California Lutheran University's Student Newspaper Since 1961

The Echo

California Lutheran University's Student Newspaper Since 1961

The Echo

California Lutheran University's Student Newspaper Since 1961

The Echo

    Students share research on Homecoming Weekend 2017

    On Saturday, Oct. 14, California Lutheran University students gathered to present research and creative projects at the Student Research Symposium in the Ahmanson Science Center.

    A majority of students presenting had utilized time during the summer to work full-time on their projects with the assistance of faculty mentors and support from fellowships and grants.

    Projects from over 30 student researchers included multiple disciplines. Biology, Biochemistry, Chemistry, Communication, Computer Science, Exercise Science, Music, Political Science and Psychology were all represented.

    Cal Lutheran junior Laura Willits discusses her research project with attendees of the Student Research Symposium. Photo provided by Brian Stetham
    Cal Lutheran junior Laura Willits discusses her research project with attendees of the Student Research Symposium.
    Photo provided by Brian Stetham

    Senior Nathaniel Burola enjoyed the collaborative nature of his project, working with two universities thousands of miles away presented a unique opportunity.

    “Well this project is kind of unique because it was done in Ireland over the summer. So I talked to the CLU study abroad office and they had a pilot program with Arcadia University in Pennsylvania, I believe, so it was kind of a joint venture. So University College Dublin in Ireland, Arcadia University, and and then Cal Lutheran as well,” Burola said.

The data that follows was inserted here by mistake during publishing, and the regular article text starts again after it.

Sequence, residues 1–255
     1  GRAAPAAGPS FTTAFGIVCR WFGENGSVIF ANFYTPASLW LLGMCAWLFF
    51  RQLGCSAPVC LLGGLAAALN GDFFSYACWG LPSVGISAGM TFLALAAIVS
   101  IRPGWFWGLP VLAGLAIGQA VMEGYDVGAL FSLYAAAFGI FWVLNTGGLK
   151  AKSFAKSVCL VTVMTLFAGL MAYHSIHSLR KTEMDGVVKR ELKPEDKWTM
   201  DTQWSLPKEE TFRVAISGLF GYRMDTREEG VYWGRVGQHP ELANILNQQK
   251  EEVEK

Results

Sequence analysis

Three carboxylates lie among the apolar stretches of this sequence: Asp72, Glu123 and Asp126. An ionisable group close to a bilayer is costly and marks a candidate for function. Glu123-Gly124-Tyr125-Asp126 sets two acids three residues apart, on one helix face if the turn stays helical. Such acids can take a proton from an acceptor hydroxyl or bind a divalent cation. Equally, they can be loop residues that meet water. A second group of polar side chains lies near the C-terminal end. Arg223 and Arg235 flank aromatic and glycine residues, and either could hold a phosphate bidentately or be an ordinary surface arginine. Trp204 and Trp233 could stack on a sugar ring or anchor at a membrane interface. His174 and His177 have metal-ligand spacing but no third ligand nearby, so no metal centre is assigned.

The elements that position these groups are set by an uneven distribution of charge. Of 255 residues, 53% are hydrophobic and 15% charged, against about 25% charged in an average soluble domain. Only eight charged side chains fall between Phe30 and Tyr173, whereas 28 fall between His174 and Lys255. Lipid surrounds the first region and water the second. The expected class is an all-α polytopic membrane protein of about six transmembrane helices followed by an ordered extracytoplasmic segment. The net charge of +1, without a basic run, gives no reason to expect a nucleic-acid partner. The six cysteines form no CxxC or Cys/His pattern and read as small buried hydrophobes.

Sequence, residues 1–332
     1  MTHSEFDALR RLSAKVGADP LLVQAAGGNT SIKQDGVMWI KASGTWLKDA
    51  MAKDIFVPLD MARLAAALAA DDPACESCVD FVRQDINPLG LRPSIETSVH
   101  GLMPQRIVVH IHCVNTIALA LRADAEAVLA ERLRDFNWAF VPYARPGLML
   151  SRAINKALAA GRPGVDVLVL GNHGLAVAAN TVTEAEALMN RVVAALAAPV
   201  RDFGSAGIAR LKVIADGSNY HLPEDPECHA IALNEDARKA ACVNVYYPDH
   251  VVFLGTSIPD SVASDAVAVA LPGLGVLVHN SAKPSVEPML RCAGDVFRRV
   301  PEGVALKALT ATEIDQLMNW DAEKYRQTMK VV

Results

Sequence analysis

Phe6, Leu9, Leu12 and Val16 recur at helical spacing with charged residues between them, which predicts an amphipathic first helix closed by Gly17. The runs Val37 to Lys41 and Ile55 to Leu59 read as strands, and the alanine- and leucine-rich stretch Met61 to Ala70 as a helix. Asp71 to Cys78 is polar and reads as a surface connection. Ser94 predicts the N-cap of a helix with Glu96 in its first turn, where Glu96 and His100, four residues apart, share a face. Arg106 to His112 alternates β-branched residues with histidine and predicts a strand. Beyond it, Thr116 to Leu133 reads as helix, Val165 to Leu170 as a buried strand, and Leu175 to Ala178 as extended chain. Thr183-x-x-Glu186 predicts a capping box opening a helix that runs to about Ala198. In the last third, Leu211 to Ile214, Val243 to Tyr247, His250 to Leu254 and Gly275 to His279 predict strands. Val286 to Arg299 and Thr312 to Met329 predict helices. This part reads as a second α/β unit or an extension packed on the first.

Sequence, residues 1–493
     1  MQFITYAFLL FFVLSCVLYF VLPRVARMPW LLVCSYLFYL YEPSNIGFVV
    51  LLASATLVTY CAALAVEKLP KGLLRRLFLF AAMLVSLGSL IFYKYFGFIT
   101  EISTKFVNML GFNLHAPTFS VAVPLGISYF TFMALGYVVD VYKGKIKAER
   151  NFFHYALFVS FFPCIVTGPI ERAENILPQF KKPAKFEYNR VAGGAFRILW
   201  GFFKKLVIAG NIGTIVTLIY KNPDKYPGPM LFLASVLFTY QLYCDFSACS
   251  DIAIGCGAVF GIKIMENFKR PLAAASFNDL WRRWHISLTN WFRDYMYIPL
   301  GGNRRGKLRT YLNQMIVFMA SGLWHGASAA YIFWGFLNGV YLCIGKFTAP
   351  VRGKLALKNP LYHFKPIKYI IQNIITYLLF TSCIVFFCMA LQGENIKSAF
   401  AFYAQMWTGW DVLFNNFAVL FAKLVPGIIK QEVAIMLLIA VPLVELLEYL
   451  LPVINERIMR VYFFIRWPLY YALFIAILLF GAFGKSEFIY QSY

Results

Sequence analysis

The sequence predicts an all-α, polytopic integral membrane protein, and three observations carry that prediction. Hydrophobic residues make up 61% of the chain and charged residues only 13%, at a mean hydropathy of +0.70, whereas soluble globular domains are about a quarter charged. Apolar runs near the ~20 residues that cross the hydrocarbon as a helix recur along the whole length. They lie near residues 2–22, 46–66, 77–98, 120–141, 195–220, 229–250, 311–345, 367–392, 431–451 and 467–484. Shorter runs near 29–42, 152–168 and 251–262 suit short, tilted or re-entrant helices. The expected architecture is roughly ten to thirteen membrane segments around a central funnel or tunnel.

Cal Lutheran junior Gubidxa Gutierrez talks about his research project poster board. Photo provided by Brian Stetham.
    Cal Lutheran junior Gubidxa Gutierrez talks about his research project poster board.
    Photo provided by Brian Stetham

    Burola chose to look at mayfly communities and how their presence or absence in river systems affects the ecosystem.

    “My project was studying how manmade barriers in rivers have an effect on mayfly communities. Mayflies are small insects that mass spawn in rivers. Mayflies are important because, according to the Irish EPA, they are effective indicators of river health” Burola said.

    After extensive research over the summer, Burola was able to confirm the importance of mayflies, but further research is necessary.

    “We can definitely say from the data that artificial barriers that are created upstream have an effect on mayfly communities; however, specifically, we don’t know – that warrants further study,” Burola said.

    Students, families and alumni first gathered in Richter Hall for the research presentations, which began with a welcome from College of Arts and Sciences Dean Jessica Lavariega Monforti. Next, student researchers were available for a question and answer interactive poster session where student researchers were able to give students, families and alumni more information about their projects.

    Junior Giselle Gallardo worked on bone tumor detection research over the summer. Combining mathematical methods with biological information proved to be interesting for Gallardo.

    “This summer my main job was to try to figure out a way to self-optimize an artificially intelligent system to diagnose bone tumors. Basically find a methodology for doing that,” Gallardo said.

    Gallardo’s project developed as it moved along, taking a math-centered turn.

    “It, at first, started as a means of data collection, and then it kind of morphed into, well, can we actually take this basic mathematical algorithm and just make it teach itself by looking at data,” Gallardo said.

    These student research projects were made possible in part by fellowships and grants from the Swenson Science Research Fellowships, Jung Summer Research Fellowship for Biological Science, Overton Summer Research Fellowship and the University Summer Undergraduate Research Fellowship.

    Priscilla Romofsky
    Reporter